A Portrait of Joseph Schmidt
As some readers and critics have pointed out, CD CD hasn't been all gain over LP in the field of historic reissues. EMI Electrola and EMI Pathe Marconi appear unmoved by requests that CD compilations of singers should extend to two CDs so as to include all the material (and more) contained on the original two-LP issues. A case in point is this CD of Schmidt, who died at the early age of 38. ''The Art Of Joseph Schmidt'' on LP (reviewed in 7/87) had quite a number of interesting items that are excluded here, although—to the chagrin of collectors—some of the items on the CD are not on the LP set! The LPs also have a much more exhaustive note on the composers (by Alan Bilgora) than the inadequate one offered here.
Michael Oliver reviewed the LP issue and expressed very much my feelings about Schmidt's singing. In opera, for all his stylishness, he sometimes misses the elan exhibited by less scrupulous artists. Even so, it is such a pleasure to hear ''Nessun dorma'' sung as Puccini wanted it, with a quiet, dreamy beginning, and the item from Le Cid done with the thoughtfulness which eludes heavier voices so that one is willing to sacrifice some of the customary tenor machismo. Oliver regretted that Schmidt had never been asked to record Bellini or Donizetti. Well, here he is singing ''Una furtiva lagrima'' sweetly but not with much character. That's one of the few items included here that didn't appear on the LP issue. It really is a pity that enthusiasts for the singer will have to possess both sets with the many overlaps simply because of what appears to be a lack of liaison within EMI. Nor is it clear whether ''O paradis'', sung in German, was recorded in 1929, as the LP sleeve celebrates, or in 1933 as we have it on the CD insert—or did he record it twice? Again, one cannot tell as Electrola don't vouchsafe matrix numbers for their Compact Disc.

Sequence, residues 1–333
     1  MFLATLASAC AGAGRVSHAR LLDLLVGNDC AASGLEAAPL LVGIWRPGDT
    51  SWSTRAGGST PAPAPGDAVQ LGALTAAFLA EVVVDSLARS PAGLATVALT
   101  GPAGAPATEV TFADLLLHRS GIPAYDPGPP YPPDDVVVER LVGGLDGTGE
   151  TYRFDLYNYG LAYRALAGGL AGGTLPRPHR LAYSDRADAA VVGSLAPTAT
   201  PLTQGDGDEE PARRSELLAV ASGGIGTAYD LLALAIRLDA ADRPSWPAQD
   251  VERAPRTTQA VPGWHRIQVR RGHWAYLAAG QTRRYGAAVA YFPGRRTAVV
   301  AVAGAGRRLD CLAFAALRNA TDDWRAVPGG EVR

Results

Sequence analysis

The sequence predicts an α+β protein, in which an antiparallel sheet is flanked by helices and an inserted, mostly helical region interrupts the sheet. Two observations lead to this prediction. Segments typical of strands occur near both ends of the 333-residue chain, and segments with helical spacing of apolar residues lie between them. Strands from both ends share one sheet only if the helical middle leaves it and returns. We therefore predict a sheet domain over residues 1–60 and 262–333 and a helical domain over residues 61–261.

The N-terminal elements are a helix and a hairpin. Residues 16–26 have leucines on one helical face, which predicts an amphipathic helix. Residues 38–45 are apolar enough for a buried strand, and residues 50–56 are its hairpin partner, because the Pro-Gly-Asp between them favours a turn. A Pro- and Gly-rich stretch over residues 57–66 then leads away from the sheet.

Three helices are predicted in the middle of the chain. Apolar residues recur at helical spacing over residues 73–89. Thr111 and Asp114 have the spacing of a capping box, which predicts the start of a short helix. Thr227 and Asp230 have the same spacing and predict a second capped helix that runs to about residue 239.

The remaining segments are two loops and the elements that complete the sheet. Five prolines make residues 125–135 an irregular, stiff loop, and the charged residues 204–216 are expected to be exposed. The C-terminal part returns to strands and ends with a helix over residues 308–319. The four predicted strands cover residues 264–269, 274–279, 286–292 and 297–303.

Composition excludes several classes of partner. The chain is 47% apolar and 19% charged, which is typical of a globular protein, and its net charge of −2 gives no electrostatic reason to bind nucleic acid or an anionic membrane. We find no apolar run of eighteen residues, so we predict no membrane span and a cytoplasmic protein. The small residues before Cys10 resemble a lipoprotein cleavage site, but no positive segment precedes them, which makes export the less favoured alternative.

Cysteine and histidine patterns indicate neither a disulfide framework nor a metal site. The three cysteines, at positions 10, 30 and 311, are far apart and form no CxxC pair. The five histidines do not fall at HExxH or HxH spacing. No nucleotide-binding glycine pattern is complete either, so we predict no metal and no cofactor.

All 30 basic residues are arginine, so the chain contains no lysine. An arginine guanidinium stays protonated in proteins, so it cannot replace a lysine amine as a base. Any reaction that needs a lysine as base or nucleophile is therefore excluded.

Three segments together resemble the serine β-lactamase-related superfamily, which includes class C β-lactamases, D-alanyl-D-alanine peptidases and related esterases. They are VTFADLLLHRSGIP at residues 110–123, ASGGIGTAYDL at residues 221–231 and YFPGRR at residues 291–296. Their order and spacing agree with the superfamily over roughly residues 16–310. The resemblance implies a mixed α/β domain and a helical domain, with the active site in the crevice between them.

I share MEO's enthusiasm for Schmidt's singing of the lighter items. Here he rivals his even more famous contemporary, Richard Tauber. It would be hard to resist his magical account of La paloma, almost as seductive as Schipa's (incidentally, this was omitted from the LP set). The CD ends with ''Ein Lied geht um die Welt'' (also excluded from the LPs) from one of Schmidt's films, a song so popular that he later made an English version. The transfers are all neatly accomplished with Schmidt's heady tone finely caught, but sometimes too much echo has been added.'